In a way, this kind of sounds like my parents. My mom has this mentality that if something is on sale or if she has a coupon for it (i.e. B1G1 ice cream or cookies or chocolate, etc.) she has to buy it. Both her and my dad are overweight, and it scares me because they both have sleep apnea. Both have shared that they want to lose the weight, but won't really do much about it. For example, I went to the cubbord to get something, and I noticed a package of Oreo Megastuffed cookies that weren't there before... I didn't buy them, and I knew my brother didn't either. Come to find out, my dad bought them and hid them there. He had 3 with a cup of coffee yesterday morning, basically as a "pre-breakfast" snack or something.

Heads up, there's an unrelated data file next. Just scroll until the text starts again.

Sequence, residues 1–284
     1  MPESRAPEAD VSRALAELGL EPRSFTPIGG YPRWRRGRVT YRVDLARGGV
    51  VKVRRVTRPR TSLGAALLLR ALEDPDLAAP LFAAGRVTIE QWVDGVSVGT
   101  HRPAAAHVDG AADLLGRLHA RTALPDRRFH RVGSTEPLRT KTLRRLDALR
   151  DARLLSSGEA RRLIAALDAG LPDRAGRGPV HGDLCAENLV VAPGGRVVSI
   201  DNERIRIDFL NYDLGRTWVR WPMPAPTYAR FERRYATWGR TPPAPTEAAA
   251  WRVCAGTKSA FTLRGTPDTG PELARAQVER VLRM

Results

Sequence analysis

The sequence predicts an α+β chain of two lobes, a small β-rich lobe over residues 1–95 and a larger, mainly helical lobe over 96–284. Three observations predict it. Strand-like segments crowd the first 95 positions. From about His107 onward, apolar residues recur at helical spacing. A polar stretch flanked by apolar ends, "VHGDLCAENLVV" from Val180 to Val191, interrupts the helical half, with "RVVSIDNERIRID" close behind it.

I just started doing Ideal Protein in October, because I was just as big as them. Since then, I have dropped a little more than 30 pounds, and I was hoping that since they've seen my success with this, that they would try it too. But, no such luck. My mom has said that after the holidays were over, she was going to get on the treadmill and change her eating habits. We'll have to wait and see on that... If only they would cut out the bread, pasta, sweets and soda, their health would improve, they wouldn't need all of those medications or would be forced to a CPAP machine for the rest of their lives. I've gotten to the point where I don't know what to do anymore, since they haven't taken anything I've tried to tell them to heart, and I've been trying to for years... :/

Wannabeskinny
01-05-2014, 07:40 AM
I notice people who use coupons buy a lot of crappy foods. None of the foods that I enjoy are EVER on sale. Nobody wants to put produce, fresh yogurts and cheese etc on sale, especially the organic stuff I buy. I understand the appeal of coupons but why does one need to be 38 boxes of krapt mac n cheese just because they're on sale? This really gets my goat.

amandie
01-05-2014, 02:33 PM